As a creator, it is imperative to listen to the group you’re trying to portray. Furthermore, when it comes to representation and just the treatment of marginalized people in general, the trans community is one that’s been hit pretty hard, even within the queer community itself.

But wait, I say, as I look at the growing word count on this piece. There’s more!

Let’s talk about character customization.

Because yes, while genitalia is optional and not tied to gender, your tone of voice is. In the piece I linked by Bella Blondeau, the author delves into why the voice mechanics hit a major issue the trans community faces on a regular basis.

For many of us, it doesn’t matter what we’re wearing, what our name is, what our driver’s license says – our voice is often the biggest hurdle we have to overcome for people to recognize us as who we are.

It came out, this past week, that Cyberpunk 2077 will tie your character’s pronouns to your chosen voice – with no option for they/them genders, on top of that. That means if you pick a “feminine” voice, congrats, you’re stuck with being a girl! Until more comes out about the game, it seems that it doesn’t matter how you look, how you dress, how you name your character. If you sound a certain way, that’s the gender you are.

Henley had similar sentiments in their piece:

Defenders of Cyberpunk 2077 may point to its character creator— one of the most heavily showcased features in pre-release — which doesn’t tie gender to genitalia. It’s true that this means the game provides the opportunity to create a transgender protagonist. However, gender in the game is still tied to voice, meaning if you want to be referred to as a woman, you need to select the voice actor with a typically feminine voice. For me — and in my experience, many other trans people — voice is far more important than genitalia. No one sees what’s in my pants, but everyone hears my voice.

So yeah. Two years’ worth of trans community feedback, and the customization (one of the game’s biggest selling points) has your voice define your gender.

  • Racism

For this, I return to Henley’s piece, which states:

As well as criticism for its depiction of trans folk, Cyberpunk 2077 has also come under fire for its use of racist imagery. The game includes the Voodoo Boys, who in the original board game were a white gang who dressed in Haitian gear as a commentary on cultural appropriation, but in Cyberpunk 2077 are actual Black Haitians and racial stereotypes. The Asian gang, Tyger Claws, are a strange amalgamation of various East Asian cultures, all armed with swords despite the high-tech advancements of their world.

The Tyger Claws, specifically, are spoken about in this Kotaku piece by Sisi Jiang. I’m just … going to let them summarize here:

The trailer’s first shot of the Tyger Claws was drenched in red, a color I associate more closely with Chinese visual culture. The promo image for the gang began with an English logo that was partially composed of suspect katakana letters, and basically written in a “chopsticks font” that is heavily associated with western caricatures of Chinese people. Although the music in the background reminded me of Chinese operatic ballads, with its distinct vibrato, none of my Chinese or Japanese friends could confirm the origin of the music. It was ethnically ambiguous, and I didn’t understand why a lovely ballad was playing over a video about a murderous gang. I spotted a bonsai tree, and one of the characters was wielding a katana. The cultural markers were all over the place. Turns out, the gang is Japanese.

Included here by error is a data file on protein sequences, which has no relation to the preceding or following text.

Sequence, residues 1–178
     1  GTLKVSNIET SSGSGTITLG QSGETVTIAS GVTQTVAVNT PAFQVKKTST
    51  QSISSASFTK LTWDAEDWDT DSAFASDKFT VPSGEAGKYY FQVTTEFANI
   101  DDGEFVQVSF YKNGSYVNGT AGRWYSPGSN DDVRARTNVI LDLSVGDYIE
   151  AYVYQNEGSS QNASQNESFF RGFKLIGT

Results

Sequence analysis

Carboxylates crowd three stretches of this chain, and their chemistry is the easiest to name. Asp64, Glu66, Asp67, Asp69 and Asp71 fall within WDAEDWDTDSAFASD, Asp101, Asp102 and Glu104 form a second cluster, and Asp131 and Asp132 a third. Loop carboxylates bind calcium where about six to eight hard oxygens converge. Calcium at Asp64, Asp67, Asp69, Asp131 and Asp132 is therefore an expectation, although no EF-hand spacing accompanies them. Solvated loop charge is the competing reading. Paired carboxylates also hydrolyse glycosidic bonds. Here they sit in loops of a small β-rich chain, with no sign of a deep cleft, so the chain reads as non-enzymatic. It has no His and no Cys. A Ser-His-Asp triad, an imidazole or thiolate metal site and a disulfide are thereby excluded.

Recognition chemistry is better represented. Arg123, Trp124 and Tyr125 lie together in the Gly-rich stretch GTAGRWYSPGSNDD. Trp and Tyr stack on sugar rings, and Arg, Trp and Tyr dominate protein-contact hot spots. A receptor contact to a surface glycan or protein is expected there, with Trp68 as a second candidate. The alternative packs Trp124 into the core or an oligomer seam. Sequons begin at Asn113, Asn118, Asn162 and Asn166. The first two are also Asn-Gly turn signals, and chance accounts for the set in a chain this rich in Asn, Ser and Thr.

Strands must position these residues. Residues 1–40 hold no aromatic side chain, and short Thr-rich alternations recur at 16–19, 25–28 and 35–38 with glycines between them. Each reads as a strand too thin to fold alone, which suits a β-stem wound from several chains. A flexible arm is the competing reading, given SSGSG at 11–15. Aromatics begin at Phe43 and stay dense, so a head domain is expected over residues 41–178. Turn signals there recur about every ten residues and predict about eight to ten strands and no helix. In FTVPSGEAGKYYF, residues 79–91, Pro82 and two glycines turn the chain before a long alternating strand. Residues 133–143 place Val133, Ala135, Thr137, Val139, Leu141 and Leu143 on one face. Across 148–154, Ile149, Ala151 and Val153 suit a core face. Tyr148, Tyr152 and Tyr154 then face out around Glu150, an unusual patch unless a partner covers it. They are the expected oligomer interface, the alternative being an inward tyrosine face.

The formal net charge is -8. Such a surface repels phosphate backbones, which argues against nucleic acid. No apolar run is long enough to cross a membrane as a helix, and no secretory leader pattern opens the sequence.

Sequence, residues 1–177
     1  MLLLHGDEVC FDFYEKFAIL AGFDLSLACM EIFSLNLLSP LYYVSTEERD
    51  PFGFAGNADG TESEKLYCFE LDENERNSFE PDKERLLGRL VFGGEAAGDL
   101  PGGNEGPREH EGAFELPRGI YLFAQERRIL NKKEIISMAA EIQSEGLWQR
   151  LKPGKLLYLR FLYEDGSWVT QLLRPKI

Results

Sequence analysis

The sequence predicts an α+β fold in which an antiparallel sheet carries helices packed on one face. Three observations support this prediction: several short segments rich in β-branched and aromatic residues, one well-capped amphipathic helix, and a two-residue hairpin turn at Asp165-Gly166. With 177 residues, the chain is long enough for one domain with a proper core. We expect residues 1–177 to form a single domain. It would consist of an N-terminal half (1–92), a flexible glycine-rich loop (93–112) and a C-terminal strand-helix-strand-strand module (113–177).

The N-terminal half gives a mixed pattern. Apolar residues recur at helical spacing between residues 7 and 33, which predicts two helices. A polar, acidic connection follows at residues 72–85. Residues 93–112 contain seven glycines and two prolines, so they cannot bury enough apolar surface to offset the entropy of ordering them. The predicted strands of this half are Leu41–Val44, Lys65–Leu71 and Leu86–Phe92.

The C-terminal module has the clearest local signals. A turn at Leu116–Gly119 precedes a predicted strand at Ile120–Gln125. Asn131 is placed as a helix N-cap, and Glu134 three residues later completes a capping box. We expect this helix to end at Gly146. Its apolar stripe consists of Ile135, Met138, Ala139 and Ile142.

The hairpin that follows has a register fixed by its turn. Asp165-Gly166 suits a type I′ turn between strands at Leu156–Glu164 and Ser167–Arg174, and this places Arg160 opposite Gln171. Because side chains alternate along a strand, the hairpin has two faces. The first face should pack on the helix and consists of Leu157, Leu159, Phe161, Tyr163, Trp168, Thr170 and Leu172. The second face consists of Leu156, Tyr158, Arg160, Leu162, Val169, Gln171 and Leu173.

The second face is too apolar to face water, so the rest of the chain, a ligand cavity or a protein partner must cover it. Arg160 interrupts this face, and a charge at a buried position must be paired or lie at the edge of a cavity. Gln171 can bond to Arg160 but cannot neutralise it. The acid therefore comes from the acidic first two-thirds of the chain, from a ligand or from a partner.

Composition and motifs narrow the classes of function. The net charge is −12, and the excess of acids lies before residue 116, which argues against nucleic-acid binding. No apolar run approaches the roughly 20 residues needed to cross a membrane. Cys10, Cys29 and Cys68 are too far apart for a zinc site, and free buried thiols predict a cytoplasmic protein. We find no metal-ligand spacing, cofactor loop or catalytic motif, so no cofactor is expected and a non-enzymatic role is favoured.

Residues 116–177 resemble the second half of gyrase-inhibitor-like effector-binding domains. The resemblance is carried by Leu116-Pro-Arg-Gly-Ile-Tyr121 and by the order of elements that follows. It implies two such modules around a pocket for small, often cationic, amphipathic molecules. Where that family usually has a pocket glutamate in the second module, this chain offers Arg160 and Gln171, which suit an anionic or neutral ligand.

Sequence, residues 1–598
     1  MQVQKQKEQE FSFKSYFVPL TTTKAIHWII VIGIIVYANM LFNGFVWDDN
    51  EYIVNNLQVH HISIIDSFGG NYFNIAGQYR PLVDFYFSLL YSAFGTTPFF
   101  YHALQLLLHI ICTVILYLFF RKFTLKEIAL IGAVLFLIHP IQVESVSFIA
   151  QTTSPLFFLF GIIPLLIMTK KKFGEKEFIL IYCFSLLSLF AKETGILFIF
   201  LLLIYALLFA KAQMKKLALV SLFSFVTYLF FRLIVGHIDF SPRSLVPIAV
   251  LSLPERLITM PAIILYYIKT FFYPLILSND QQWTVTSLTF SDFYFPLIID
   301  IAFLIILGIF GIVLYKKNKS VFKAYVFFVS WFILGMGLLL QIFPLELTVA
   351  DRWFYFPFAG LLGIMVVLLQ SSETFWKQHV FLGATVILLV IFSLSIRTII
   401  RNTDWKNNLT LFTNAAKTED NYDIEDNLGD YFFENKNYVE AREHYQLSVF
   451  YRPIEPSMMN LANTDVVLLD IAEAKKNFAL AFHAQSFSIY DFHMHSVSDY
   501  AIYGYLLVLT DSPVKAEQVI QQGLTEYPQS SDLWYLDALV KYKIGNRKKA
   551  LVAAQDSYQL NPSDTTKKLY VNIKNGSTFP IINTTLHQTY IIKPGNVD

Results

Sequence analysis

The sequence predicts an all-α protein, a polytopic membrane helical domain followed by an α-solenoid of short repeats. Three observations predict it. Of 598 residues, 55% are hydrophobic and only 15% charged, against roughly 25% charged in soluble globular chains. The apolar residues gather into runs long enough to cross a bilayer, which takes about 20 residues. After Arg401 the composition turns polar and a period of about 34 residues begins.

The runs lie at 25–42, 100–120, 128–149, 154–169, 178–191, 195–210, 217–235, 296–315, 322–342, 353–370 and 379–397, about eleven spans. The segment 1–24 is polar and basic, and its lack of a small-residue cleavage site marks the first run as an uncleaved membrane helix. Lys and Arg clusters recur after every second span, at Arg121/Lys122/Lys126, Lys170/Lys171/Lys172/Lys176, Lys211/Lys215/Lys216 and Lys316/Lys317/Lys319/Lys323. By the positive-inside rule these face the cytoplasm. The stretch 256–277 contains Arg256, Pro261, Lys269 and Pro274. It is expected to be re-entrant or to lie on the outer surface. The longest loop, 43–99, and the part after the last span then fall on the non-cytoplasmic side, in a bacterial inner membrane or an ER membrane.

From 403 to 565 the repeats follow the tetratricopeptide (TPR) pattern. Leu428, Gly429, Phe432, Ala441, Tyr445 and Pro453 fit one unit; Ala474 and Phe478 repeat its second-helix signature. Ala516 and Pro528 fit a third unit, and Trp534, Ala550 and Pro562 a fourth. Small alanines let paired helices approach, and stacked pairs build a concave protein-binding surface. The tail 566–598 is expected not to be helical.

I think I’m out of words.

Ok, I’m not, but I just … I know that the cyberpunk genre is steeped in Asian culture, and I’ve seen a couple of takes that rebuff any criticism of racism because the genre just be like that, but for a game that’s supposed to be this huge, open world, customizable achievement … why are we falling back on these poorly researched, stereotypical depictions? This could’ve been a chance to do something truly amazing and diverse, but as it stands, we got … this.


Deep breath.

Time for the home stretch.


What I find sort of fascinating about all of this is that Cyberpunk 2077 is truly a game that has something for everyone to be frustrated about. Even those who were telling people not to buy the game if they had issues with *checks notes* the transphobia, the racist stereotypes, the lack of accessibility, and crunch time are dealing with game-breaking glitches that the studio is scrambling to patch. It’s unreal to see something crash so spectacularly. Would things have been better if they just waited? If they actually listened to feedback?

Well … yeah, but that’s not the timeline we live in right now.

So that concludes everything that happened with Cyberpunk 2077 … I think?

I hope?

(image: CD Projekt)

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Briana Lawrence
Briana (she/her - bisexual) is trying her best to cosplay as a responsible adult. Her writing tends to focus on the importance of representation, whether it’s through her multiple book series or the pieces she writes. After de-transforming from her magical girl state, she indulges in an ever-growing pile of manga, marathons too much anime, and dedicates an embarrassing amount of time to her Animal Crossing pumpkin patch (it's Halloween forever, deal with it Nook)